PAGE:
H. P. Lovecraft’s At the Mountains of Madness and Other Tales of Terror contains one novella, originally serialized, and three short horror stories. Lovecraft is both amazing and maddening—he is really smart and I can see that in his writing, but at the same time the round-about way he constructs the novella is, at times, exasperating. In his novella, “The Mountains of Madness,” Lovecraft explores Antarctica and aliens in the 1930s. This story works because it is seen from the viewpoint of the most unlikely explorer: the geologist, William Dyer.
“As a geologist, my objective in leading the Miskatonic University Expedition was wholly that of securing deep-level specimens of rock and soil from various parts of the Antarctic continent…” (2). From the beginning, we are immersed in the language of geology and the story is written in long odious paragraphs which mimic the long span of time geologists look at. As I read it, I felt like I was back in geology class (11). It took a really long time to build up to anything of importance, as is the case of rocks and world-building, but finally “culminating in the discovery of slate fragments with several markings” (11). Lovecraft repeats geologic information a lot, especially the use of words such as “pre-Cambrian slate” and “strata” and “formations” (13). He does this to get into the mindset of the geologist and reiterate the fact that we’re looking at the expedition from the lens of geology.
The phrase that impacted my solar plexus was “Am sending to camp for electric torches. Will extend search area underground by hacking away stalactites” (19). One dirty little secret of science is that methodology hasn’t always been so careful. In the 1920s-40s a vast swath of scientists and anthropologists did similar, stumbling into areas and not writing down everything of detail for future researchers, but actually just busted up the rocks. This is important to the story because it adds an air of shock to those readers who weren’t aware of it and a dose of reality to the readers who were aware of it.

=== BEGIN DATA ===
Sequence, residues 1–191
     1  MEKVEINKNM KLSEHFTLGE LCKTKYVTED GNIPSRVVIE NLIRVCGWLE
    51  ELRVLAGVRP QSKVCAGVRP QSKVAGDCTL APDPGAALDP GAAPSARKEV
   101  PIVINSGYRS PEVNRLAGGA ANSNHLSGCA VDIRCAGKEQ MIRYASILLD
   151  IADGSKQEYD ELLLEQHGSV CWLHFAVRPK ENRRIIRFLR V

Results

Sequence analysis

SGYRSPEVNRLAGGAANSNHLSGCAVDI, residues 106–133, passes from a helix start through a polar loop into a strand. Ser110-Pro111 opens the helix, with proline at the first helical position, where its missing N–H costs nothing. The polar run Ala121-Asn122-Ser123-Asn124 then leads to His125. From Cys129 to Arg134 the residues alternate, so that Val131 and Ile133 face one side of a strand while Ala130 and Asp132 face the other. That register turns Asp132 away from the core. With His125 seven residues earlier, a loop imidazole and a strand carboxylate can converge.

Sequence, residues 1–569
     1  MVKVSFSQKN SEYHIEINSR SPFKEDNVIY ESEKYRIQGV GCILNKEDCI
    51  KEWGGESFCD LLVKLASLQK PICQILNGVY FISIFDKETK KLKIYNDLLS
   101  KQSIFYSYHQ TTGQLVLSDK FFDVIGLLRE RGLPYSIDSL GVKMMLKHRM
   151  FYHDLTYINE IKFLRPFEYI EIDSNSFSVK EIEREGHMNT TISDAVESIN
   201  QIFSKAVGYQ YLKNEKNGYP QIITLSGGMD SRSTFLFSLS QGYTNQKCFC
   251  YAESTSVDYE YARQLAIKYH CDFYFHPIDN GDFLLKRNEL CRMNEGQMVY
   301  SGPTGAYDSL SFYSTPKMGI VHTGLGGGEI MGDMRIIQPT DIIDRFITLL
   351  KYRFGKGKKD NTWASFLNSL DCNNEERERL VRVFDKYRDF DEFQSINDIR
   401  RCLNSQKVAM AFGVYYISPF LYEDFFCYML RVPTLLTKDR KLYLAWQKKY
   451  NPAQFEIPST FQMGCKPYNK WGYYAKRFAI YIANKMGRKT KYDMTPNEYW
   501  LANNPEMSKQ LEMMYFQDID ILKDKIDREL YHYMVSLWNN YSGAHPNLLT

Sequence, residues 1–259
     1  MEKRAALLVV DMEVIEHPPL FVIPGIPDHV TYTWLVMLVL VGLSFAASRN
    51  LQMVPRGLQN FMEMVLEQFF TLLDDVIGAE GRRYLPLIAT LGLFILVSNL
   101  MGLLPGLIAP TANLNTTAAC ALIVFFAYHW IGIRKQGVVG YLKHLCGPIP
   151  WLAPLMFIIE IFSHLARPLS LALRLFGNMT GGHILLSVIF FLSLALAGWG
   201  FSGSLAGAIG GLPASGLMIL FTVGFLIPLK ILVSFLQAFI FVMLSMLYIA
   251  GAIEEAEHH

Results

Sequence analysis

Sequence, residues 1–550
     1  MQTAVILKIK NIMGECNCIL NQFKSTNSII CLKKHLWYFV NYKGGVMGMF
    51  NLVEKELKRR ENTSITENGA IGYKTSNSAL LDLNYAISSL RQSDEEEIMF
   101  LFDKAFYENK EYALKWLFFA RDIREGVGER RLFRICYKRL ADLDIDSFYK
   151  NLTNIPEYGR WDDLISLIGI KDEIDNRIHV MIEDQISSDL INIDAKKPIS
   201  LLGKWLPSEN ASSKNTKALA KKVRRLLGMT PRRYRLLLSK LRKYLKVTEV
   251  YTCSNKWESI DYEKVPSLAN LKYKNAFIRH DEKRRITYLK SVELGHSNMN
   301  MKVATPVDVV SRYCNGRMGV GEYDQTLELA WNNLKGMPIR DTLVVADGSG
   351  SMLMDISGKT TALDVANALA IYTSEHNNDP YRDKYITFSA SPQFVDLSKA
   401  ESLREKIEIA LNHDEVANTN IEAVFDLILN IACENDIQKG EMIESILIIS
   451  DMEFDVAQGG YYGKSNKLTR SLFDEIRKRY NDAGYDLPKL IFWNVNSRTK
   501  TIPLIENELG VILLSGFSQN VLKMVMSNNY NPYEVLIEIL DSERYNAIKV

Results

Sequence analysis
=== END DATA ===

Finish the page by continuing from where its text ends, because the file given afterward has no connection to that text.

The story is told from Dyer’s viewpoint, and through it we learn more about the rocks of the pre-Cambrian than any other voice could have told on the mission.
The effect was that of a Cyclopean city of no architecture known to man or to human imagination, with vast aggregations of night-black masonry embodying monstrous perversions of geometrical laws. There were truncated cones, sometimes terraced or fluted, surmounted by tall cylindrical shafts here and there bulbously enlarged and often capped with tiers of thinnish scalloped disks; and strange beetling, table-like constructions suggesting piles of multitudinous rectangular slabs or circular plates or five-pointed stars with each one overlapping the one beneath it. (31)
Lovecraft chose the point of view of the geologist because it is the last one anyone who is connecting with another species would think of. He took a practical, down-to-earth professor and dropped him into a horror story with the “Elder Ones” (26). The multitude of geologic terms from volcanic to “table-like constructions” gives the tale an air of authority (31).
One of the things I want to accomplish with my novel is to do what Lovecraft did—drop the person least likely to survive into a world where anything can happen, even something horrific. By reading this story, I realize that I need to amp up the depth of the character in my novel. Lovecraft inhabited Dyer when he was writing this novella—he immersed himself in the story so deeply, he talked the talk of a geologist and did not waiver from it once. I want a similar feel to my story, only with an anthropologist instead of a geologist. In several parts of his short story, Lovecraft repeated himself. At first I thought it was to hammer down the fact that Dyer is a geologist, but now I realize that it also is a way of getting at the aliens from every angle like a multifaceted rock—he meant to do that as a character quirk.
I rate At the Mountains of Madness at 3 stars.
Lovecraft, H. P. At the Mountains of Madness and Other Tales of Terror. New York: Del Ray,
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